"Increasing public sector employment not only leads to overstaffing of public services, resulting in higher underemployment and higher recurrent expenditure to government, but also creates a shortage of workers in the private sector,’’ the report has said. "Hence, it is necessary for the government to formulate an effective recruitment policy to select only the required cadre for public service on a merit basis.’’ All this is, of course obvious to anybody but the movers and shakers of government starting right from the presidency which is now loaded with an unprecedented plethora of advisors. Most of these functionaries are underemployed if not unemployed. Few among their number have, like the respected diplomat Jayantha Dhanapala, refused payment for the services they perform or do not perform. When the cabinet is bloated, and ours would surely qualify for an entry in the Guinness Book for a country of our size and resources, it also means the creation of a great many public sector patronage jobs. Over and above their personal staffs, ministers of all political complexions find employment for their people in various institutions that come under them. The problem multiplies with chairmen, directors, and sometimes even heads of government departments of institutions under the various ministers bending over backwards to satisfy their patrons.
When the Central Bank advocates merit-based recruitment, it implies that this is too often lacking at present with patronage employment in the public sector becoming an institutionalized and ever-growing phenomenon. One reason why the unemployment rate has gone down is the war and the resulting enlistments in the armed forces. As has been pointed out by economists, the GDP too goes up because of military expenditure. We can do without such beneficial results from a horrendous national tragedy. Having said that, it must be added that the cost - both in terms of blood and money - may be worthwhile if the current endeavour leads to a permanent end to the fighting.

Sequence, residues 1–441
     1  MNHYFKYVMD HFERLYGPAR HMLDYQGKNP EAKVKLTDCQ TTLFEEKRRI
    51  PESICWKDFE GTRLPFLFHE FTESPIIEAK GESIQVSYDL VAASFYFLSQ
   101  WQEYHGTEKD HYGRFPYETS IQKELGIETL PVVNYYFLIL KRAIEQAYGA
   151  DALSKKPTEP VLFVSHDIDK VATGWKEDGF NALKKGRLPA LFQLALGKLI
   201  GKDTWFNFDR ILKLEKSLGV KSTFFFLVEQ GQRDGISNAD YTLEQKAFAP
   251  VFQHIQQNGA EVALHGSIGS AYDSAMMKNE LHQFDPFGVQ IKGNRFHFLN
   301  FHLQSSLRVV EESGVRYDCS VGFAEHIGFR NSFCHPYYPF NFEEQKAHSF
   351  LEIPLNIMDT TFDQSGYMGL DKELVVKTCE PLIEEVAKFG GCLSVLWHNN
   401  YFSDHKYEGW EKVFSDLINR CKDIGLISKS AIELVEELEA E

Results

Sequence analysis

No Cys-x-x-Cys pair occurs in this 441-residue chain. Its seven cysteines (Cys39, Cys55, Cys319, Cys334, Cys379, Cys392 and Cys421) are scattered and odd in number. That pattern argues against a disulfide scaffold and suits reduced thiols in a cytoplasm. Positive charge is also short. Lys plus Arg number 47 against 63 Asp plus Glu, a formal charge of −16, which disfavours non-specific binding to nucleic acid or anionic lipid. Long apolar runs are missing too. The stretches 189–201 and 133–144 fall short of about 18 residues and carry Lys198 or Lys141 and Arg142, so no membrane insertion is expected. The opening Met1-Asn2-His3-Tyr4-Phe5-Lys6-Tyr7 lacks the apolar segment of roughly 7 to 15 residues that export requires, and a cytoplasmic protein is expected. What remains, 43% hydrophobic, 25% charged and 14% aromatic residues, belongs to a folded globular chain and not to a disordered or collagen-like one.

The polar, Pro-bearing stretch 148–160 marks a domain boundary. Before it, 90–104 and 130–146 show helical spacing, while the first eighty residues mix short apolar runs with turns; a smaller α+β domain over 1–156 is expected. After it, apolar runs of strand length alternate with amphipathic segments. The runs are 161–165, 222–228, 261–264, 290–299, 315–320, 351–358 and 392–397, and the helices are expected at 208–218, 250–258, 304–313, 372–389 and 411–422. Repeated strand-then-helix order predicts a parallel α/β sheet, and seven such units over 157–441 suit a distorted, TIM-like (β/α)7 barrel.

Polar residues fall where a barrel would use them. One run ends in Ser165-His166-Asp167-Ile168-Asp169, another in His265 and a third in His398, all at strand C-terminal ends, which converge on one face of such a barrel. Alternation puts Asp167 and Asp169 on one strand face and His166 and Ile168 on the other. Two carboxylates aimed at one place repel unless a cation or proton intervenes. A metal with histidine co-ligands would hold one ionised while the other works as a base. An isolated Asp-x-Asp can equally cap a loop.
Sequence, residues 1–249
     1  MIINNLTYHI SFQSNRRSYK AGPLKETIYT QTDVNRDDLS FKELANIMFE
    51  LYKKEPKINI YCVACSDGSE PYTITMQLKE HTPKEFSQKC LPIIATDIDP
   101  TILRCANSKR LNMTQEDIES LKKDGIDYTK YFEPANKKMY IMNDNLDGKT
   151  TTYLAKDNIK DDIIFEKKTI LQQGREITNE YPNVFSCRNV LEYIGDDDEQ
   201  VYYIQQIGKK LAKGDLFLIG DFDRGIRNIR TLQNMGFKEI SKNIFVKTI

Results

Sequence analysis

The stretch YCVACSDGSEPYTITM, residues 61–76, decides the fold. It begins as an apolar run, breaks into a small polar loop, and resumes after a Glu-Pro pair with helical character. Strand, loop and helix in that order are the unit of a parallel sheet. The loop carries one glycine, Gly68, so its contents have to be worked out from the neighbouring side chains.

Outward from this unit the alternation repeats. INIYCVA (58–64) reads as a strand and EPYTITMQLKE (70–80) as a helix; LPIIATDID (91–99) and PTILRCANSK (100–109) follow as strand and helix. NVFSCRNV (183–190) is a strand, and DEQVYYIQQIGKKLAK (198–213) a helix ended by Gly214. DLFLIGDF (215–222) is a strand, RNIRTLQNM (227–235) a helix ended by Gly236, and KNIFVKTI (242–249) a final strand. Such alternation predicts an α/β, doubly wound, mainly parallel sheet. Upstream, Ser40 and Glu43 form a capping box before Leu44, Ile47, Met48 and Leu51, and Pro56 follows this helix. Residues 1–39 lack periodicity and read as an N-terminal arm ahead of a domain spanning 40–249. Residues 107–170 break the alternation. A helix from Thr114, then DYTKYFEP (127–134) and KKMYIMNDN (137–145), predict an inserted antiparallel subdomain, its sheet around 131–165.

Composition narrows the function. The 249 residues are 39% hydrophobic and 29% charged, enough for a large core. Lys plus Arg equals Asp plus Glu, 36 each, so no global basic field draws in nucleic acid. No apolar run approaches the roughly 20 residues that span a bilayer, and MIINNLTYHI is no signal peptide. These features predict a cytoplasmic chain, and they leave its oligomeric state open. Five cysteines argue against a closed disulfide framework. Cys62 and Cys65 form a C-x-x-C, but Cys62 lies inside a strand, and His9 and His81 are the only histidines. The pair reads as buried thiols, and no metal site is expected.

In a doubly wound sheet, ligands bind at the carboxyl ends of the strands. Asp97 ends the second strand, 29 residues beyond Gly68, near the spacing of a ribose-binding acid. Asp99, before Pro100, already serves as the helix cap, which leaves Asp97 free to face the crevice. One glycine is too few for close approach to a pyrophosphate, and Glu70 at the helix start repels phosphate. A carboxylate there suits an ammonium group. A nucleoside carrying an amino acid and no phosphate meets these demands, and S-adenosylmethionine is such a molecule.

If our public sector is made more productive and downsized, it will be possible to pay state employees better. Today about half the government’s revenue is expended on public service salaries and non-contributory pensions. It would be useful to gather information on how this situation compares with what prevails elsewhere in the world. But it must be remembered that in many developed countries, services for which we employ people directly, is outsourced on contract and it may not be possible to capture the true picture. Nevertheless, there is a perception among many so-called "unemployable’’ graduates coming out of our universities at great cost to the taxpayer, that public sector employment is preferable to a private sector job. One reason for that, of course, would the belief/experience that government jobs are "softer,’’ but that is not the whole story.
The Central Bank has gently delivered a message that must be socked between the eyes of the political leadership. Despite long standing public complaints of poor service, little has been done over a long period to create a leaner and more efficient public service and the chances are that the bank has softly played a violin in the ear of a deaf elephant.